between circa ~1.05 to ~0.7 the height of the sail. It then changes to an attracting
force which increases as the vehicle approach the submarine. The attracting force is
due to the downward direction of the horse-shoe vortices with a small contribution
from the pressure field interaction between the objects.
The Pitch Moment coefficient shows a similar behaviour. In theory the UUV should
attain an increasing positive trim the closer it gets to the submarine, which it also
does. An exception exists when the vehicle pass through the tip vortices where an
irregular much larger moment is present.
Figure 26 – Lift Force and Pitch Moment at position 3 and 4 respectively. The dots represent one
simulation each and the Y Axis shows the distance from the hull of the submarine to the CoG of
the UUV. Left and bottom axis are non-dimensionalized.
Figure 27 illustrates the interaction between the two objects pressure field. Observe
that the dominating low pressure at the stern of the UUV which is causing the positive
trim when the UUV is in close proximity of the submarine.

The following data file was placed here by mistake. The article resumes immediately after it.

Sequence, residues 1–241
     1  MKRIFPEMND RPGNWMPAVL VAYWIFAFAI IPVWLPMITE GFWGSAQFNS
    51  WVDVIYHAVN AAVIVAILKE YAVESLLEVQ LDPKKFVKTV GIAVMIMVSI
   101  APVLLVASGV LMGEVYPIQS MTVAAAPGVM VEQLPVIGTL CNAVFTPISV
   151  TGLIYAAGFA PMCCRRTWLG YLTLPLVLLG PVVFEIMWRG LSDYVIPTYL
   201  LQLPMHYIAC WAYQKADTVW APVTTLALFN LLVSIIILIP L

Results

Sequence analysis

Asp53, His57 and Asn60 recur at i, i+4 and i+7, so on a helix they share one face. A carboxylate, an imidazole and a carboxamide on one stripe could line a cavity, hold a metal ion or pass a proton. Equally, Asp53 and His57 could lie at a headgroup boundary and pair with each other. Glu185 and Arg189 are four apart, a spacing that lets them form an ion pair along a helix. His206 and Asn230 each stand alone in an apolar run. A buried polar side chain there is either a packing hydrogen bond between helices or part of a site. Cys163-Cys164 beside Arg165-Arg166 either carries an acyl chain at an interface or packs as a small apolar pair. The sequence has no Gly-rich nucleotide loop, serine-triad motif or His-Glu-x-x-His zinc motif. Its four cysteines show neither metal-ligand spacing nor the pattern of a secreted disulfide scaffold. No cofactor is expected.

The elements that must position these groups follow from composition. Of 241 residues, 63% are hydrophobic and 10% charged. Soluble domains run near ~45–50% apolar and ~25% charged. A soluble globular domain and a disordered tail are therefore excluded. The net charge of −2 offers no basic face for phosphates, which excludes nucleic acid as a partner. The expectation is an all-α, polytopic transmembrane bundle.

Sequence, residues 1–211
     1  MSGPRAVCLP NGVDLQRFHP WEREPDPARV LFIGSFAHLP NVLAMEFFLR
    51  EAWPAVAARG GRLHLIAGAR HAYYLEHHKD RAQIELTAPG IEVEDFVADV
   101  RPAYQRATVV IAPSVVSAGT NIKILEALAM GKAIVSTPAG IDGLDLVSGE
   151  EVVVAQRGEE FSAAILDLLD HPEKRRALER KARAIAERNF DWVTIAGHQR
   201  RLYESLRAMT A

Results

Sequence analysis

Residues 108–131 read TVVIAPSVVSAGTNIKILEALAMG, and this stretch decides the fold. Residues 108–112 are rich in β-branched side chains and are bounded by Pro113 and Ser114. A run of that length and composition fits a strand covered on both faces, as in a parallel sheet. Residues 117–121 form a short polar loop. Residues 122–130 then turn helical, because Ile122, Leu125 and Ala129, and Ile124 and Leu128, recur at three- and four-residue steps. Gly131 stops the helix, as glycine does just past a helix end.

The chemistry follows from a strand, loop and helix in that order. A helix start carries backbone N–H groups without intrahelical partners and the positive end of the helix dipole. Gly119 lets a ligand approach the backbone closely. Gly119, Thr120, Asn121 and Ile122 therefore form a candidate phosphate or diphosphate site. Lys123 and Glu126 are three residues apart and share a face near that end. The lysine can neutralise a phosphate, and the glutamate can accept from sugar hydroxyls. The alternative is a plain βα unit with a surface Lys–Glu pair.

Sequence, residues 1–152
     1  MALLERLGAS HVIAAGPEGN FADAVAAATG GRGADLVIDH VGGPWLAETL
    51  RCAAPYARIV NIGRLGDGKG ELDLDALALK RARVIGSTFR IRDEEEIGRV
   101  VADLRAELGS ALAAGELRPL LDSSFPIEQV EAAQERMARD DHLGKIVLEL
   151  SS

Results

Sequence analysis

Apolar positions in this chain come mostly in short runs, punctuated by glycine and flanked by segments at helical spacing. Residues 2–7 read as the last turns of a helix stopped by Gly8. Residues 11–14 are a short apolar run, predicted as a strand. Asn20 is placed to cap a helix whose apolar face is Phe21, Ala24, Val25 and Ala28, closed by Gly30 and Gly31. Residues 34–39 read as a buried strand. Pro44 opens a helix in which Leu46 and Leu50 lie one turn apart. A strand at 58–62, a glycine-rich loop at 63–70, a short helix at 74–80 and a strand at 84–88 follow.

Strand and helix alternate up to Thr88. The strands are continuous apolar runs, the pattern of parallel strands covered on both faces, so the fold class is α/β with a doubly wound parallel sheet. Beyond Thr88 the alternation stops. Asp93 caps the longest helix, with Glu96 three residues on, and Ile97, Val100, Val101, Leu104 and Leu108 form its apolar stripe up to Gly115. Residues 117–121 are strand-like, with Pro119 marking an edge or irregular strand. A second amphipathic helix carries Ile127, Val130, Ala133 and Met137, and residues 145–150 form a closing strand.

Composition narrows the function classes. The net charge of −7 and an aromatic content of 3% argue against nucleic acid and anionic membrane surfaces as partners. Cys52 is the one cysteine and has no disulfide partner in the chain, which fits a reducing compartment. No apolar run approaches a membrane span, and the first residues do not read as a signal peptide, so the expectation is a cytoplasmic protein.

Figure 27 – Interaction of pressure fields between UUV and Submarine in close proximity to each
other at position 4. From left is front, middle and aft of middle-body shown.
Figure 28 – Side Force and Yaw Moment Coefficients at position 3 and 4 respectively. The dots
represent one simulation each and the Y Axis shows the distance from the hull of the submarine
to the CoG of the UUV. Left and bottom axis are non-dimensionalized.
In Figure 28 the Side force and Yaw moment coefficients is presented and it is clearly
shown that they are very irregular, almost chaotic. This can be attributed to the
complexity of the vortices which changes characteristic and direction throughout the
vehicles body as the UUV descends towards the hull.
6 UUVs and LARS in short
These chapters cover the UUV and LARS technology and their basic theory of control
and communication. A short presentation of most UUV’s and LARS is presented and
a few is discussed in depth. However a lot of information regarding the different
system is company and/or Commonwealth proprietary and is not available to the
There are multiple UUVs on the market today and their numbers are growing. Earlier
there where a clearer distinction between UUV’s for military and civilian use but
lately module based systems with the ability to use “off the shelf” products as payload
modules are becoming more of a standard. A module concept is not only more
versatile but much more cost effective and there are some systems on the market
today that are able to conduct a wide variety of functions. An example of a modular
based system is the AUV 62 from SAAB Underwater Systems; figure 29 shows the